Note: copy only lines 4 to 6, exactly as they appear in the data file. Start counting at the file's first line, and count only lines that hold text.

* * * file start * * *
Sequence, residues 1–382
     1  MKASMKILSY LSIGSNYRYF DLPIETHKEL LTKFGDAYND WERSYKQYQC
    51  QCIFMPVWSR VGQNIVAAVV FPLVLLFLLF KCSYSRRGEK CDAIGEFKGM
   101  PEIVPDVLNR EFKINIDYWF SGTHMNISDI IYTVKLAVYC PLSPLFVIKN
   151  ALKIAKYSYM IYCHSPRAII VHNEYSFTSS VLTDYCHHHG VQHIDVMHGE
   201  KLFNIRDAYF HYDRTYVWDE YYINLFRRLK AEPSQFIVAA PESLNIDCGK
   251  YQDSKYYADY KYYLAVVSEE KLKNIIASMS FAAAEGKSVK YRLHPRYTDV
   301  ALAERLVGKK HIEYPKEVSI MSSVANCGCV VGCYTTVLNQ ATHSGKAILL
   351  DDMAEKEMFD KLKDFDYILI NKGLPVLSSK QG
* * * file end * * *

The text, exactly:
   101  PEIVPDVLNR EFKINIDYWF SGTHMNISDI IYTVKLAVYC PLSPLFVIKN
   151  ALKIAKYSYM IYCHSPRAII VHNEYSFTSS VLTDYCHHHG VQHIDVMHGE
   201  KLFNIRDAYF HYDRTYVWDE YYINLFRRLK AEPSQFIVAA PESLNIDCGK